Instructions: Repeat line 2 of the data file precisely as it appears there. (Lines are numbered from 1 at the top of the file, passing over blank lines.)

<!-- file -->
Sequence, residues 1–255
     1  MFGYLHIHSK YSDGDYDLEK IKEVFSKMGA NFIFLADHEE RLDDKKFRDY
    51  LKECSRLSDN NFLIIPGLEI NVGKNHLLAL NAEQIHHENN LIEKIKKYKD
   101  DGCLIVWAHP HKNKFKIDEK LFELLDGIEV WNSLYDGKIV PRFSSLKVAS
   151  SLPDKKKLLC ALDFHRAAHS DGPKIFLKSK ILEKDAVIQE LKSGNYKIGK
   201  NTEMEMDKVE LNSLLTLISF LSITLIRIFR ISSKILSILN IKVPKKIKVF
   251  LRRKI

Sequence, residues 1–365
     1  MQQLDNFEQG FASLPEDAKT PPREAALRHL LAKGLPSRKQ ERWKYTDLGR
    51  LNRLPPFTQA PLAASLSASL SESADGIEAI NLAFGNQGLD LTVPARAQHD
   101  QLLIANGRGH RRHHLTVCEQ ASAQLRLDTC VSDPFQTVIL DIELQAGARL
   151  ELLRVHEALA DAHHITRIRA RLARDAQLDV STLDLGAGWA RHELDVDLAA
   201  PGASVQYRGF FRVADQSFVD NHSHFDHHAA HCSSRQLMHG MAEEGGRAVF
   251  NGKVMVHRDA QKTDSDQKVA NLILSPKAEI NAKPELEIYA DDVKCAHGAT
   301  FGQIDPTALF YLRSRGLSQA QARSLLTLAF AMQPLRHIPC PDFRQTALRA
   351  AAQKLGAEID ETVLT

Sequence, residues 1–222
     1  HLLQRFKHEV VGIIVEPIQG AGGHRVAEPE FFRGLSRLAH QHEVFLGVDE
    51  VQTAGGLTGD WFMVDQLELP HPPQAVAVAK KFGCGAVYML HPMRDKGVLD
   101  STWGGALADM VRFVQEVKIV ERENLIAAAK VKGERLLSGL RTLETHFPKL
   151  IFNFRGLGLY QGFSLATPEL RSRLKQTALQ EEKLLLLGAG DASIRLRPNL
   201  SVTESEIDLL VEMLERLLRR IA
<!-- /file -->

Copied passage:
     1  MFGYLHIHSK YSDGDYDLEK IKEVFSKMGA NFIFLADHEE RLDDKKFRDY